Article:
On New Year’s Day, 1965, children’s television host Soupy Sales asked viewers to remove those “funny green pieces of paper” from their parents’ purses and wallets and send them to him. The power of media on impressionable minds was established.
Today the risk is more sophisticated as social media networks put parents’ wealth and assets in the crosshairs.
Children using social media can become “weapons of mass destruction,” warns Adam Levin, the chairman and founder of IDT911 Inc., an Arizona-based cyber security threat and detection firm. He is also the author of Swiped: How to Protect Yourself in a World Full of Scammers, Phishers and Identity Thieves.
Mr. Levin calls the teenage social media generation “Gen-I,” because when they go online they rarely think about the consequences of their actions.
For instance, a teenager who posts a picture of his parents’ new car on Facebook tips off followers, not all of whom are necessarily friends. In addition, if the social media website does not scramble the geo-location, or tagging, on the photo an even bigger problem can result.
“Now you’re not only telling them what you’ve got, you’re telling them when you took the picture, where you took the picture and effectively where they can find the item and what they need to haul it away,” says Mr. Levin, who also co-founded the credit-score website Credit.com.
He warns parents not to allow children to disclose information about their families. He also suggests disabling location services on mobile devices, although that can be hard for people who like GPS-based pop-ups telling them where the nearest Starbucks is.
The bottom line is that wealthy people in particular must protect their privacy. Jason Abbott, a certified financial planner and president of WealthDesigns.ca in Toronto, says they should “operate discreetly and communicate very clearly to their kids, otherwise you’re going to be constantly putting out fires.”
“The more you have, the greater target you become.”
In particular, parents should ensure their children understand that submitting information on even the most innocuous of websites can have financial ramifications. To drive home the point, Mr. Levin tells a story about a former employee who always warned her daughter never to give up her real last name or home address.
The daugher slipped up, however, just once, on a popular website for young people.
“Eleven years later, two pre-approved credit-card offers showed up at their home,” Mr. Levin says. “One in the actual name of the daughter and the second one with the right first name and the last name ‘ain’t telling ya.’”
But sometimes it’s not the children who cause problems, it’s their friends.
If a child invites companions to a cottage for a weekend, for instance, that son or daughter may hold off posting pictures of the property to Facebook, Twitter, or another such site. But if a friend posts a picture and identifies which lake they are on, an unscrupulous individual may gain access to it, and if they had any knowledge of the lake, find the cottage. That might lead to a burglary down the line.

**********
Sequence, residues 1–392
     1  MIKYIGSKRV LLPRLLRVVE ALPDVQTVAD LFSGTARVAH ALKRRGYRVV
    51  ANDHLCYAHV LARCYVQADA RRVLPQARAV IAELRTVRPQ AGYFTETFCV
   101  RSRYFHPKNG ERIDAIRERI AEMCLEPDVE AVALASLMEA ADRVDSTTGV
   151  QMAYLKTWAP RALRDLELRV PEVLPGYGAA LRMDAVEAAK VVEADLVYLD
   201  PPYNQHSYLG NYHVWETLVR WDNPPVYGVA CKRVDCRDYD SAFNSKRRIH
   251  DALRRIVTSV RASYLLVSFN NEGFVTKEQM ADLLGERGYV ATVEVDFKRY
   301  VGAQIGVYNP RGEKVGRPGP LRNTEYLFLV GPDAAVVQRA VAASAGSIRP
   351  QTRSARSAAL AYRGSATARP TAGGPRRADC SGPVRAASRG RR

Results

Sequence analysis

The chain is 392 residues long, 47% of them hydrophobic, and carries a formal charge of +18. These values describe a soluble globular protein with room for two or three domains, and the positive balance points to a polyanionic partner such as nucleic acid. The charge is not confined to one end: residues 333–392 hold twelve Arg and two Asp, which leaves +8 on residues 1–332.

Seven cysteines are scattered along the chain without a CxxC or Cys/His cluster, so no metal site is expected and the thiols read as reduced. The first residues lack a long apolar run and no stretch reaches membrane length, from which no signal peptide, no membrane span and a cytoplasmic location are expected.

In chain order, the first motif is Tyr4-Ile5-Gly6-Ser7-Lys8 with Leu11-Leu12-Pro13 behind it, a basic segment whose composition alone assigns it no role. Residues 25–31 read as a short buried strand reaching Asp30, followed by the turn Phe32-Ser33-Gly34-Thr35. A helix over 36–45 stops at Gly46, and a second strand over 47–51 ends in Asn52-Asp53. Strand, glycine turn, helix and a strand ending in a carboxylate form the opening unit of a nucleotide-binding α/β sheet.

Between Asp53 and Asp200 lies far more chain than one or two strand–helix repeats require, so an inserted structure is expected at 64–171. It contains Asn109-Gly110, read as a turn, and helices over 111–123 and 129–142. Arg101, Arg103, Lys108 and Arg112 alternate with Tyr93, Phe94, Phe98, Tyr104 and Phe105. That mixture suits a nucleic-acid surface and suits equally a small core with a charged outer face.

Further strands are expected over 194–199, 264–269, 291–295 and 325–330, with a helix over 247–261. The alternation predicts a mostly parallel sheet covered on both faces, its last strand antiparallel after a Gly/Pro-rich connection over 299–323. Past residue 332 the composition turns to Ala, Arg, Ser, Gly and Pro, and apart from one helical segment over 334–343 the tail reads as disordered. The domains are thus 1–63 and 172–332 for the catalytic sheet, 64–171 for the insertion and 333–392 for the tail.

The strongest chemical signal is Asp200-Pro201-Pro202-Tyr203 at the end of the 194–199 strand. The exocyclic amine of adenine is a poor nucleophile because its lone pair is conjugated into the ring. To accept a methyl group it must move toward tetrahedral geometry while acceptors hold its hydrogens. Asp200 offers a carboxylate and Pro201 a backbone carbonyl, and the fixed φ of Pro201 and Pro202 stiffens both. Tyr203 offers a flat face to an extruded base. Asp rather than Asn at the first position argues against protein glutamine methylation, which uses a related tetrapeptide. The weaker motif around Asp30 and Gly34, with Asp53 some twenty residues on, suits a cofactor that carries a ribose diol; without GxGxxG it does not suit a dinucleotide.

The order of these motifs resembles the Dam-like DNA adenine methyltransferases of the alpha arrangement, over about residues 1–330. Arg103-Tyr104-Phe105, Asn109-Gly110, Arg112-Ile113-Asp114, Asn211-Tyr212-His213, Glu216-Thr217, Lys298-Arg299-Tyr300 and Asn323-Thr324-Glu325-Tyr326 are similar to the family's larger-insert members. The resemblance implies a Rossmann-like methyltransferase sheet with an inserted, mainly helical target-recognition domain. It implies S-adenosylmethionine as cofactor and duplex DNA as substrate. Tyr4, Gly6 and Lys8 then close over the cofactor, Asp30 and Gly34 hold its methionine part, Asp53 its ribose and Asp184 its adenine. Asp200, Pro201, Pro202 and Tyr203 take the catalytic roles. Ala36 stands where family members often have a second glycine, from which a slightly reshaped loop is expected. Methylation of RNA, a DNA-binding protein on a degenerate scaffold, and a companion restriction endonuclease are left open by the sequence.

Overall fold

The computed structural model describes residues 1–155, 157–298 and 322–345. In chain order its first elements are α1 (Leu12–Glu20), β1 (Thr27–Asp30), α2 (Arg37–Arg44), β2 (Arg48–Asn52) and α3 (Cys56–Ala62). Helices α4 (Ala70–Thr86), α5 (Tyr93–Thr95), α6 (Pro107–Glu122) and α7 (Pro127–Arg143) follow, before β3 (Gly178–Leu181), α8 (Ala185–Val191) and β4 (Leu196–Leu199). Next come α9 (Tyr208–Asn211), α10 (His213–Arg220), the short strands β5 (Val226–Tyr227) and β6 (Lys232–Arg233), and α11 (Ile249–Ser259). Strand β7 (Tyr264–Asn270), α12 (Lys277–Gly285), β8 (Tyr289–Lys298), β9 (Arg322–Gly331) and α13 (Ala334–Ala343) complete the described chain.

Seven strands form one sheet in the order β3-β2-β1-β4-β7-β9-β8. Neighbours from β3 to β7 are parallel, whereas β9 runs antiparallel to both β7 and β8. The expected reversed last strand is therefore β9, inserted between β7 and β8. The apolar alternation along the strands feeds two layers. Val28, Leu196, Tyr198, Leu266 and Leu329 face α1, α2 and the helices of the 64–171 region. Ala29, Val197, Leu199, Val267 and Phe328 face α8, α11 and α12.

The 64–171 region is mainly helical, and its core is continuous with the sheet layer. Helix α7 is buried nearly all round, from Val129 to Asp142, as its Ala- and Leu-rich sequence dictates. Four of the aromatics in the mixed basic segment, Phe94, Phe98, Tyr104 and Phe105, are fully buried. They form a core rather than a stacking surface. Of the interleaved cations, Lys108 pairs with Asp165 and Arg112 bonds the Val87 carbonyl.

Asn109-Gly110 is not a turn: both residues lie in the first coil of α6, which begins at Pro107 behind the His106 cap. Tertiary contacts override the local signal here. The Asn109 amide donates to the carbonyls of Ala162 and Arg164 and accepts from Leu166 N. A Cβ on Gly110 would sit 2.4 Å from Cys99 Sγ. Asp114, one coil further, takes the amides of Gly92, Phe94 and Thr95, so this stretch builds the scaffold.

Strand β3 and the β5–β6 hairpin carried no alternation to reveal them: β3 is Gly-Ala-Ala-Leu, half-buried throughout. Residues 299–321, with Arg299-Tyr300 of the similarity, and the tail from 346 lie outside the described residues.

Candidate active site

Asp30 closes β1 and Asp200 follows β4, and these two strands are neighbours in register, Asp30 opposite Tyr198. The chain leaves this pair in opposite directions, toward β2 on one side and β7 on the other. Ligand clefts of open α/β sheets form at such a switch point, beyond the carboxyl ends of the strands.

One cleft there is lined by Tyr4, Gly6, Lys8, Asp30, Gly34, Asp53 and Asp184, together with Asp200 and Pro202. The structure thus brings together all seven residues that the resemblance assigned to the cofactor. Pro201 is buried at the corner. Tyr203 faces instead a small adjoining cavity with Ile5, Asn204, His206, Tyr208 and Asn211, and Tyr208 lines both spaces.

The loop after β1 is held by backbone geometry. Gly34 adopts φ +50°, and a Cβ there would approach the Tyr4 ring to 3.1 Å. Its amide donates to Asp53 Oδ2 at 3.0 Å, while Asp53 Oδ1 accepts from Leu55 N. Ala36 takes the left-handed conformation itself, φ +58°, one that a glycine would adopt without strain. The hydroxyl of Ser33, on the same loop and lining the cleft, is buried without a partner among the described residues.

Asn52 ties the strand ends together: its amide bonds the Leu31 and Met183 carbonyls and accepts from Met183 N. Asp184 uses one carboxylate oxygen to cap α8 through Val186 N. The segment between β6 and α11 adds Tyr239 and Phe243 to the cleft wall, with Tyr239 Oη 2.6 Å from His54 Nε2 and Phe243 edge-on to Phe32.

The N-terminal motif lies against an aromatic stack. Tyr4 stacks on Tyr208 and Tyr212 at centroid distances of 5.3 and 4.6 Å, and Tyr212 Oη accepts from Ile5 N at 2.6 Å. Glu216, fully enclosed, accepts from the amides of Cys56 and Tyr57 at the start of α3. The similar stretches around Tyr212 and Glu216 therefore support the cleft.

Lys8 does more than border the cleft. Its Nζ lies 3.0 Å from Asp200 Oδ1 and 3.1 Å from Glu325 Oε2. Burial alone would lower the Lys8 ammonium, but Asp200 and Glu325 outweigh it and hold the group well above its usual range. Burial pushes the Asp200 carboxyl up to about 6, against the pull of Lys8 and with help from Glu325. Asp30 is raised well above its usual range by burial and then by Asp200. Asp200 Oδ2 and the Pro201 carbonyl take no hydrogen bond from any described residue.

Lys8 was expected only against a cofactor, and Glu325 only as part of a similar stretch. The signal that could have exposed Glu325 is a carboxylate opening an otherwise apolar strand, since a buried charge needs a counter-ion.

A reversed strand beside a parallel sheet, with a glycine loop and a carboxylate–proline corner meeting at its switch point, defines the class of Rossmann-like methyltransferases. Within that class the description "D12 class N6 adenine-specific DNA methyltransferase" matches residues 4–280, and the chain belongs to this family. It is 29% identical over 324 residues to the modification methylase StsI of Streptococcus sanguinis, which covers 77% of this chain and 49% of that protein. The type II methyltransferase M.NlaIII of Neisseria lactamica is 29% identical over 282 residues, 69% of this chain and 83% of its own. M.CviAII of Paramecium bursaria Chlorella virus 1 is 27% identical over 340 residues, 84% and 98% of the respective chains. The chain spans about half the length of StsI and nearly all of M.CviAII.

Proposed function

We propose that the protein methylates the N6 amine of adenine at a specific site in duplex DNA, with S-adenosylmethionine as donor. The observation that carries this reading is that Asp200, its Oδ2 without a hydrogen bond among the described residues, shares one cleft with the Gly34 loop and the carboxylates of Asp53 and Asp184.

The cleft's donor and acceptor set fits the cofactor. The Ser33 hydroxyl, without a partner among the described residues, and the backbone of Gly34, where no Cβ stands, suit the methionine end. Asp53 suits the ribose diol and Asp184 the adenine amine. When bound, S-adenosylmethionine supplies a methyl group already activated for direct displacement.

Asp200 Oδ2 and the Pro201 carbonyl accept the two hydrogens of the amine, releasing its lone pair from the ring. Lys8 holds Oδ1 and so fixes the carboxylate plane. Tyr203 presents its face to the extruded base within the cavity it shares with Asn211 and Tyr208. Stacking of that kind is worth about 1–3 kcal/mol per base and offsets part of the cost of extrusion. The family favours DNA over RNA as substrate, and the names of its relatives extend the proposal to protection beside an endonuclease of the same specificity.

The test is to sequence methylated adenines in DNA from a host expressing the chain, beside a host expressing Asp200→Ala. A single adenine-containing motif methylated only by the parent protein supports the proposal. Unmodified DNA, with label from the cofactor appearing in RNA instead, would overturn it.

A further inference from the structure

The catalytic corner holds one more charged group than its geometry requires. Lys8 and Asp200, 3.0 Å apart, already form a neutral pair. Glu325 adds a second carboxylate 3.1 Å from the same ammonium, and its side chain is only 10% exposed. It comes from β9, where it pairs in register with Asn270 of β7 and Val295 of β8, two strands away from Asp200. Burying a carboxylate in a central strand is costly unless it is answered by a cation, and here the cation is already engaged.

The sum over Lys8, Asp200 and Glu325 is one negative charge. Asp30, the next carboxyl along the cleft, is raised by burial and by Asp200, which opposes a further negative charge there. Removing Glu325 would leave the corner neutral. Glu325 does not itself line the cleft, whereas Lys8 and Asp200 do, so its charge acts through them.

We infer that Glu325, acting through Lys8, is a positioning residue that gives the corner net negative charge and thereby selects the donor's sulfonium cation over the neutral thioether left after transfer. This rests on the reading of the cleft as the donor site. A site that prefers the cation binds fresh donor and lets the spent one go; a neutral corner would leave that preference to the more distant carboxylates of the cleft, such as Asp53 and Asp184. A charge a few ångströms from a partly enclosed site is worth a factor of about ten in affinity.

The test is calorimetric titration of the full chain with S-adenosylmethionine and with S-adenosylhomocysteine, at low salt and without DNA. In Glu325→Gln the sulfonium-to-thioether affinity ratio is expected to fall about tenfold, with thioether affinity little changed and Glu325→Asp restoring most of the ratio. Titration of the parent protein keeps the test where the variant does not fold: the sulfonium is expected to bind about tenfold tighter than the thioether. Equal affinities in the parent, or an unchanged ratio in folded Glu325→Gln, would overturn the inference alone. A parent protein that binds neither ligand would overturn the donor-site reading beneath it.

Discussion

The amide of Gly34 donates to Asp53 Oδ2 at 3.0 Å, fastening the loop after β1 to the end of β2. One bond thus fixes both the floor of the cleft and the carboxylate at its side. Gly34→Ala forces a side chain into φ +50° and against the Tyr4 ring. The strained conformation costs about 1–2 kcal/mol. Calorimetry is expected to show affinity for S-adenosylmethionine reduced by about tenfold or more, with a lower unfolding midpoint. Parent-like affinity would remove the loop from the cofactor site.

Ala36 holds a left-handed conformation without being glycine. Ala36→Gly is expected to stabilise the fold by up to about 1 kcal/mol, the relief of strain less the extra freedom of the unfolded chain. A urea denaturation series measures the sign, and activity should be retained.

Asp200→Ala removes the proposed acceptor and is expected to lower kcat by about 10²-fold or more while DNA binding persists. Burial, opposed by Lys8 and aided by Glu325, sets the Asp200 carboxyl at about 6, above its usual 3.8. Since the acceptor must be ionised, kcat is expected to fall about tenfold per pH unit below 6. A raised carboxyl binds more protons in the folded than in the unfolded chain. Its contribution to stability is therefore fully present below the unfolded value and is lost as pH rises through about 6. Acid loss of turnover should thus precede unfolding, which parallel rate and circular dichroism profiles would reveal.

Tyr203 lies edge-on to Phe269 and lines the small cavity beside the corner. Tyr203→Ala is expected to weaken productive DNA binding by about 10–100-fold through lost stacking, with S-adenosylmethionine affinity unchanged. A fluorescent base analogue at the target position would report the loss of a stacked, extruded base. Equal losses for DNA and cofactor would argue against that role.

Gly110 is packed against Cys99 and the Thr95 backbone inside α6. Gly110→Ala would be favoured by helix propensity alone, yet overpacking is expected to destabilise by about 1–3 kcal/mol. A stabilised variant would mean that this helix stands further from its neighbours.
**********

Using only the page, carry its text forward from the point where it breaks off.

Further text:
Social-media observers who are up to no good can piece together bits of information about a family.
“The information may not come from any one source, such as a direct approach to your child, but it may come from a constellation of sources where collectively you can put together a picture,” says Ira Nishisato, partner and national leader of cyber security and cyber risk-management at the law firm Borden Ladner Gervais LLP in Toronto.
“Through networks and social engineering it is increasingly easy to fish for information,” he says.
Non-tech-savvy parents may be surprised by the amount of information about them online. He encourages them to Google their own names to see what’s out there.
Parents must teach children about the proper use of social media, including privacy settings. “Parents really must stay informed and must be aware of what their children are doing online and who they’re dealing with online.”
Social media posts might also be checked out by other, more scrupulous people. Mr. Abbott says he wouldn’t be surprised if tax officials check social media to look for clues that would indicate tax evasion.
The same might apply to life and medical insurance policy holders, if clues are being posted about their lifestyles or vices. The more people who know a person’s identity and the wealth attached to them, the greater the dangers.
“For teenagers trying to gain acceptance, I understand why they might do this – they’re trying to impress their peers, but parents want nothing to do with it,” Mr. Abbott says.
“If you’re broadcasting to the world that you’re affluent or you have money, you’re certainly going to set yourself up for a greater risk of a frivolous lawsuit or something along those lines,” he says.
“Let’s face it, people look for those with deep pockets.”Report Typo/Error